The TeT is also said to maintain networks as far afield as the southern port city of Karachi. Increasingly, it has grown as a clear and present danger to the state of Pakistan.

Anti-American sentiments

But while the country's security forces have been able to thwart Mr Mehsud's plans outside the tribal areas, it has been almost impossible to curtail his activities - and those of other Taleban leaders - in Waziristan.

In a series of tactical campaigns, starting in 2004, the Taleban have all but pushed the security forces out of Waziristan. The few that remain are confined to their forts.

Over the last year, the only thing that has penetrated the Waziristan tribal region are suspected US drones. These have killed hundreds of people, many of them militants, but also many civilians.

27 March 2009: Suicide bomber demolishes crowded mosque near the north-western town of Jamrud, killing dozens
3 March 2009: Six policemen and a driver killed, and several cricketers injured, in ambush on the Sri Lanka cricket team in Lahore
20 Sept 2008: 54 die in attack on the Marriott hotel in Islamabad
6 Sept 2008: Suicide car bombing kills 35 and wounds 80 at a police checkpoint in Peshawar
Aug 2008: Twin suicide bombings at gates of a weapons factory in town of Wah kill 67
March 2008: Suicide bombs hit police headquarters and suburban house in Lahore, killing 24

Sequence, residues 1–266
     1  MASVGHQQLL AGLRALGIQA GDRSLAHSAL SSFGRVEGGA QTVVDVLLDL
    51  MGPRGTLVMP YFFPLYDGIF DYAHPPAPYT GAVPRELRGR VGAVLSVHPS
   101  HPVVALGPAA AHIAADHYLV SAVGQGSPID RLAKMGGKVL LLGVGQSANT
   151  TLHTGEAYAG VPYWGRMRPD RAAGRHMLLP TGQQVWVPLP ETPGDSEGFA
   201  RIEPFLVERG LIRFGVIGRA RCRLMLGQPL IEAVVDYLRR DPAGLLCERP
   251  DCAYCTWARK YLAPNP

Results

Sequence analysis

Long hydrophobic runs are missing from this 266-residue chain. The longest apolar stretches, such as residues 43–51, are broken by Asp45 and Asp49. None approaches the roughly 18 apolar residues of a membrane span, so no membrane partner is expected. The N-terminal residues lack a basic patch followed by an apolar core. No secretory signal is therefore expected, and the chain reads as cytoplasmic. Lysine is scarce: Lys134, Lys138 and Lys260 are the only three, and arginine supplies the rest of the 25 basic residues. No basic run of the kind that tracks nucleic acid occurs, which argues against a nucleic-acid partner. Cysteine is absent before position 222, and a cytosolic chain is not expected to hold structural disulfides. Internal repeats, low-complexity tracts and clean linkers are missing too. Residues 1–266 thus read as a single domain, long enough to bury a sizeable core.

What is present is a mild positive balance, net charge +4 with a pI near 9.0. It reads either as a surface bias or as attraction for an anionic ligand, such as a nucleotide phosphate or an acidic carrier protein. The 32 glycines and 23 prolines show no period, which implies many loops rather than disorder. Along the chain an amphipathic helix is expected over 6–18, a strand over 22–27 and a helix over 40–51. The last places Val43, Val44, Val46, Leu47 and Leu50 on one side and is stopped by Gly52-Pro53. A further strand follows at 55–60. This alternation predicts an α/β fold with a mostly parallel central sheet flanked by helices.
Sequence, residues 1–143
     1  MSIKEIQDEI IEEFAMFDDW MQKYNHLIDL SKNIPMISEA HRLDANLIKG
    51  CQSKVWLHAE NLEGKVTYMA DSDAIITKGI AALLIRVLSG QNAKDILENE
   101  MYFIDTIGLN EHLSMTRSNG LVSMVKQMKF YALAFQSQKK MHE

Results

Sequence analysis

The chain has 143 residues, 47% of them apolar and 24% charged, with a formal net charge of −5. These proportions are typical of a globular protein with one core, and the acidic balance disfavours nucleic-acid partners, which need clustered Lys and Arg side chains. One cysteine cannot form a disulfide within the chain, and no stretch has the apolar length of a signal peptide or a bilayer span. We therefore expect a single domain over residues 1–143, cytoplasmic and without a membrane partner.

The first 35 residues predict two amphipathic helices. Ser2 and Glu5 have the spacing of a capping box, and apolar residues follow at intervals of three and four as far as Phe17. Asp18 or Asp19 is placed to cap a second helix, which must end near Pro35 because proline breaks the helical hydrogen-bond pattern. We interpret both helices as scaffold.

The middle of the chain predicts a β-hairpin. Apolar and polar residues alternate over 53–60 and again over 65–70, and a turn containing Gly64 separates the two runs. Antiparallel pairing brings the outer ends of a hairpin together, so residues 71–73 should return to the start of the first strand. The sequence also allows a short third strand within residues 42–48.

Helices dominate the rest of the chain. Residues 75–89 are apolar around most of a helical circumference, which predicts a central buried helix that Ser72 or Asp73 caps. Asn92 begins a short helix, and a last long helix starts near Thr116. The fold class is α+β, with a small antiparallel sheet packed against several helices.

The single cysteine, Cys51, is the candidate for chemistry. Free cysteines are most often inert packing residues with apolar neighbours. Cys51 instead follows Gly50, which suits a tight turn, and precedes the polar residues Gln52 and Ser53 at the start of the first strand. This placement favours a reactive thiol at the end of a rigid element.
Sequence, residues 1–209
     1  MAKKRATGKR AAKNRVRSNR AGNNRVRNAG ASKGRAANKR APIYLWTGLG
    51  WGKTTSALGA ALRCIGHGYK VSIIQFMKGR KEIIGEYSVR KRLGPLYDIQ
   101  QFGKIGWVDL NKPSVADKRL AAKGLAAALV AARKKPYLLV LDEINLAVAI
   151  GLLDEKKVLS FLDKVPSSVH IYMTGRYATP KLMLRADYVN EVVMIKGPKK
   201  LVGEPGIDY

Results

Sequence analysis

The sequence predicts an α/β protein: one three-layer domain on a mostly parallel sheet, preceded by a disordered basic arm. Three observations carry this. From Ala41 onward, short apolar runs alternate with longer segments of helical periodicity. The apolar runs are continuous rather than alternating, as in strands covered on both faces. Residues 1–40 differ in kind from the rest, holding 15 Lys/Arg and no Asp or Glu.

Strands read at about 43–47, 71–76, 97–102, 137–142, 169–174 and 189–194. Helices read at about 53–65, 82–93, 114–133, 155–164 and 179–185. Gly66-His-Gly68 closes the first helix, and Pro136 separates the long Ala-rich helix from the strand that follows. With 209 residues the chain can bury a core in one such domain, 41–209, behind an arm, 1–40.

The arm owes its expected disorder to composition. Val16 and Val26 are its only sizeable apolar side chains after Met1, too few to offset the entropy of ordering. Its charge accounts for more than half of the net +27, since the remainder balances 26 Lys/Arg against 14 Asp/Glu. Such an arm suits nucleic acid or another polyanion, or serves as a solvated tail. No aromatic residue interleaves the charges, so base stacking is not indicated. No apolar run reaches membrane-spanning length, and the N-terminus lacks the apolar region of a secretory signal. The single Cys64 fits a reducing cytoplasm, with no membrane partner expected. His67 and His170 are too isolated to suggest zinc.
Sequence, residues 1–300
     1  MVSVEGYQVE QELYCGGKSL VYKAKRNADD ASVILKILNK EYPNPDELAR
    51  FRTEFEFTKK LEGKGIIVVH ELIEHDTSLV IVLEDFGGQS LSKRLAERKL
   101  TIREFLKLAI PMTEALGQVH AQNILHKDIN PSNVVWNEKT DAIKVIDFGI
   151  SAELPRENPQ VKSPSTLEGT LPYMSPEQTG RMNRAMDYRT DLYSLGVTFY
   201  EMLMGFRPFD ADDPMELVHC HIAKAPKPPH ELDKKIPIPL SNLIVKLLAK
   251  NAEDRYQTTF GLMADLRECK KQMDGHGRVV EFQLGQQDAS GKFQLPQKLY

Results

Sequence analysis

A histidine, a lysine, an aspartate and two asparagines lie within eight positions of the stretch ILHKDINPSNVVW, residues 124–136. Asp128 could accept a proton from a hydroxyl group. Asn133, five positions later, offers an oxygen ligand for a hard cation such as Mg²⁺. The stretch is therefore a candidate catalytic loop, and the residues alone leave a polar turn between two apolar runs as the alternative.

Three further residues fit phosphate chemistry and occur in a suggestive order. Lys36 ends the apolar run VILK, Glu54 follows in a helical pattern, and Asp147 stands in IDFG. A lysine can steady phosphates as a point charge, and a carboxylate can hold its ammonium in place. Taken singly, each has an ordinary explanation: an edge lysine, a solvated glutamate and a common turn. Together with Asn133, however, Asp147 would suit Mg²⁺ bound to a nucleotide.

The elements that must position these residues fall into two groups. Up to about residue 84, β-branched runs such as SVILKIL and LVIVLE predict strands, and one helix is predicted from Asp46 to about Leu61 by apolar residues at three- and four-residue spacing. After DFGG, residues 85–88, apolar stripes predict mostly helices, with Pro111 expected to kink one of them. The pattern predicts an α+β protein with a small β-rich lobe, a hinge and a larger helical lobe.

That has angered ordinary Pakistanis and raised anti-American sentiments to an all-time high. Pakistan's security forces say the drone strikes also prevent them from acting more strongly against the militants.

But the army's record in Waziristan's suggest their inaction is mostly because of the activities of the militants rather than the pressure of public opinion.

In addition, the drone strikes are only successful to a limited extent. Being highly dependent on ground-based intelligence, they are not believed to have destroyed many "high value" targets.

Given the fact that the Taleban behead at least a couple of people for spying everyday, the continuing limited availability of spies is understandable.

In fact, other than killing a lot of junior and mid-level al-Qaeda and Taleban personnel, the attacks have united all Taleban factions in Pakistan.

In a recent declaration, Pakistan's other two Taleban factions - led by Maulvi Nazir and Hafiz Gul Bahadur - said they had formed an alliance with Mr Mehsud.

The two belong to the Wazir tribe, the Mehsud's traditional enemy.

The Wazir is the larger tribe and exists on both sides of the Pakistan-Afghanistan border. They are believed to harbour most of the senior al-Qaeda leadership, including Osama Bin Laden and his deputy, Ayman al-Zawahiri.

The harsh realities on the ground have made some analysts adamant that Pakistani and US authorities have little choice except direct military action in Waziristan.

"This would mean bloody and entrenched fighting with serious losses against a battle-hardened enemy," says an ex-army official familiar with the region.

Whether both sides are willing to take this on, in the face of declining public support for the conflict and its casualties, remains one of the great unanswered questions in this increasingly bloody war.